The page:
We are pleased to report on a recent decision from the United States Court of Appeals for the Fifth Circuit in the Danny Patterson v. Aker Solutions, Inc. et al. matter, in which we served as counsel for Aker Subsea AS (“Aker Subsea”). In a matter of first impression, the Fifth Circuit conclusively held that the limited use of secondment agreements by a foreign entity, Aker Subsea, was insufficient contacts to subject that foreign entity to the jurisdiction of the United States courts.
Aker Subsea filed a FRCP 12(b)(2) Motion to Dismiss for lack of personal jurisdiction in the District Court. The District Court granted that motion and dismissed Aker Subsea. Patterson appealed, arguing that he use of eleven (11) secondment agreements to temporarily assign Aker Subsea employees to its domestic affiliate, Aker Solutions, Inc., were sufficient contacts with the United States as a whole to subject Aker Subsea to personal jurisdiction pursuant to FRCP 4(k)(2). The Fifth Circuit affirmed the District Court, holding that “Aker Subsea’s limited contracts with the United States – eleven secondment agreements – are insufficient to satisfy due process concerns. Thus, exercising general personal jurisdiction over Aker Subsea would be inappropriate.”
Patterson, a U.S. citizen, allegedly sustained a knee injury while working aboard the M/V SIMON STEVIN, a Luxembourg-flagged vessel that was located off the coast of Russia. Patterson was working for Blue Offshore Projects BV (“Blue Offshore”) on a project to install subsea production equipment in a gas and condensate field. While aboard the M/V SIMON STEVIN, Patterson claims that he was struck by a cable and was injured. Patterson originally sued Blue Offshore and two other companies he alleged were involved in the project, Aker Solutions, Inc. (“Aker Solutions”) and FMC Technologies, Inc., in the Eastern District of Louisiana. Patterson alleged that the defendants’ negligence caused his injuries. Patterson later amended his complaint and added more defendants including Aker Subsea, FMC Kongsberg Subsea AS (“FMC Kongsberg”), and FMC Eurasia, LLC. Aker Subsea and FMC Kongsberg separately moved to dismiss for lack of personal jurisdiction. The district court allowed Patterson additional time to conduct jurisdictional discovery. After completion of the jurisdictional discovery, the district court found that neither specific nor general personal jurisdiction existed over Aker Subsea or FMC Kongsberg. Thus, it granted their motions and dismissed them from the suit. FMC Kongsberg ultimately settled leaving only Aker Subsea’s appeal pending.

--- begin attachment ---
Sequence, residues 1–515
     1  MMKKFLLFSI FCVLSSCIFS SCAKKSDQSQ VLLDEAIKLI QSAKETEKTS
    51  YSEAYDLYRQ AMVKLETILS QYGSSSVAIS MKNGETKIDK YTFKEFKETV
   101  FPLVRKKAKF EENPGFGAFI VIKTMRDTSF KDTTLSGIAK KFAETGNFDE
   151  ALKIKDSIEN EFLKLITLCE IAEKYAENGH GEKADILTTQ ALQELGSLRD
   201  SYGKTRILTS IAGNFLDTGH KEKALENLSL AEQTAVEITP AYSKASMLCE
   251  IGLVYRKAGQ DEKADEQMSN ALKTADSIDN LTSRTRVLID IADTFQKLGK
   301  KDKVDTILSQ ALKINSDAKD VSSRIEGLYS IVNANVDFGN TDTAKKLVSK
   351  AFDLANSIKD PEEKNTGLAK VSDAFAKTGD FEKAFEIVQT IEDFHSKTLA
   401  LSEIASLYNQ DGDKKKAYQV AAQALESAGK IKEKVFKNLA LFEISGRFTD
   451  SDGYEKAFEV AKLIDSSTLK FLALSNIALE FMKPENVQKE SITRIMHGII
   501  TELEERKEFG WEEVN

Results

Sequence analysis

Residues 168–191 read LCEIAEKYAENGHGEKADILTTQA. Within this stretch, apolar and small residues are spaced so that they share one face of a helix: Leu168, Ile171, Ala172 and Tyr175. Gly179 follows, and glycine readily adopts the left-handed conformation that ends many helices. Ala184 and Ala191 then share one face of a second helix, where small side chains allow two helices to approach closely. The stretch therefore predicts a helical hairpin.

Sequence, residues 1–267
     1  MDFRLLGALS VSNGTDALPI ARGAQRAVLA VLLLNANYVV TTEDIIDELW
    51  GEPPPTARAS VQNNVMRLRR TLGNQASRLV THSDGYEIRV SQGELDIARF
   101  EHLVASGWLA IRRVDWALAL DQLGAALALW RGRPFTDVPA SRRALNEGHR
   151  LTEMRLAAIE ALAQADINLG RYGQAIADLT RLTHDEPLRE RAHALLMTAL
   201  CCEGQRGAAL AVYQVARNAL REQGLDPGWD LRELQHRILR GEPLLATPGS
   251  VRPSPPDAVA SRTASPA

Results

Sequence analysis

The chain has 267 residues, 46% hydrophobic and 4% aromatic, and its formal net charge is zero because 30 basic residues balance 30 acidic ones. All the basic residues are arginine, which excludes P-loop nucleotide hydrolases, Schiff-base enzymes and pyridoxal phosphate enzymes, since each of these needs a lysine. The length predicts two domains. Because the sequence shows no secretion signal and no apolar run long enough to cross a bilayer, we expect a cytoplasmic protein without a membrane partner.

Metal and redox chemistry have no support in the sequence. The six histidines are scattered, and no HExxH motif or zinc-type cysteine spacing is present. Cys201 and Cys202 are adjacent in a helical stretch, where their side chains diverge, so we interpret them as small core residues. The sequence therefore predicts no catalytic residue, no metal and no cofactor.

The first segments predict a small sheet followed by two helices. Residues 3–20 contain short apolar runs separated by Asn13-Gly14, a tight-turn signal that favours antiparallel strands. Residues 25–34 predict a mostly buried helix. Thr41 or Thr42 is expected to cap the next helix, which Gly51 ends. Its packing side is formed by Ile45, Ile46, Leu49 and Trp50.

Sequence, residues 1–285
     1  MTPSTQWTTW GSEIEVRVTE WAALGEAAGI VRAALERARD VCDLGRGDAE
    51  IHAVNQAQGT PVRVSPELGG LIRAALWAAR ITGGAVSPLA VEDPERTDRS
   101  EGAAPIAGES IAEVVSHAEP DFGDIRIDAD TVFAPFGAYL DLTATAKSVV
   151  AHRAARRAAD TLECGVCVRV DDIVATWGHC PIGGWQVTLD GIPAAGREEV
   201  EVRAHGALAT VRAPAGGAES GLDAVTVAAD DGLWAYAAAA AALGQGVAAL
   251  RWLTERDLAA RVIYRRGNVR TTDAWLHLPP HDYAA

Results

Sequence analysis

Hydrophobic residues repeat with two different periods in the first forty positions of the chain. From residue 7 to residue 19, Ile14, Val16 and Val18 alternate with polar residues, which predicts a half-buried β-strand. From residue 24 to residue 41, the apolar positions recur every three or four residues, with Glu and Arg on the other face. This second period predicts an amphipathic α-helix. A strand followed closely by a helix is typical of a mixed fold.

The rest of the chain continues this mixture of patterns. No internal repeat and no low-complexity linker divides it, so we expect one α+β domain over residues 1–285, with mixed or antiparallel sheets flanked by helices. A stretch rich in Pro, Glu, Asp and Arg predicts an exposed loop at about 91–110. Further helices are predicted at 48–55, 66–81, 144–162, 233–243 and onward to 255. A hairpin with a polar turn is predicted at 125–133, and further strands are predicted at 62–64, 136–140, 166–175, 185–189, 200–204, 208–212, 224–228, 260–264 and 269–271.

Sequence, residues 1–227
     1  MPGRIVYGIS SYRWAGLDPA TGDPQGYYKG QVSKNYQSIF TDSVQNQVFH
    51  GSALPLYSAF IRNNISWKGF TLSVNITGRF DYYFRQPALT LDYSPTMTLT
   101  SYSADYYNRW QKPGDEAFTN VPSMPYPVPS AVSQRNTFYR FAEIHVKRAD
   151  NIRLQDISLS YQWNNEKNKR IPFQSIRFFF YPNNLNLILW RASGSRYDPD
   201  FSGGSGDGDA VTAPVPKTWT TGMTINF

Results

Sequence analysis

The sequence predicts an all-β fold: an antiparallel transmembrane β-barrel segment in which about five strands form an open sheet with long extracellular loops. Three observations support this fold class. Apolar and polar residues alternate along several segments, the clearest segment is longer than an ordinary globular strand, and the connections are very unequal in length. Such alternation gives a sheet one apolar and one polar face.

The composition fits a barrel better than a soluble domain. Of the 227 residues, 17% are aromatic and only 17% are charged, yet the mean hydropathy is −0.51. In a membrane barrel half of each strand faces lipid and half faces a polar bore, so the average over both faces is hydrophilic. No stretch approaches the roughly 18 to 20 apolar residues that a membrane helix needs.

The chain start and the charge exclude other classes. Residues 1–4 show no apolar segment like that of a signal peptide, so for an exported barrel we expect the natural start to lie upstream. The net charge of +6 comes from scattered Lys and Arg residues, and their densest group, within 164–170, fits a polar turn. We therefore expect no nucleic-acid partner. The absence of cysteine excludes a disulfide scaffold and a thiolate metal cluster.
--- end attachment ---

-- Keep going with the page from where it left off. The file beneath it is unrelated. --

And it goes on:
Patterson argued that that the district court erred by dismissing Aker Subsea because, in his view, it has sufficient contacts with the United States to establish general personal jurisdiction under Federal Rule of Civil Procedure 4(k)(2). Patterson contended that over a three-year period, Aker Subsea entered into eleven secondment agreements whereby it would assign its employees to an American affiliate in Houston, Texas. Under the secondment agreements, the employees sent to the United States remained employees of Aker Subsea. Patterson argued that this showed continuous and systematic contacts in the United States sufficient to assert general jurisdiction over Aker Subsea. Aker Subsea argued that these sporadic contacts were insufficient.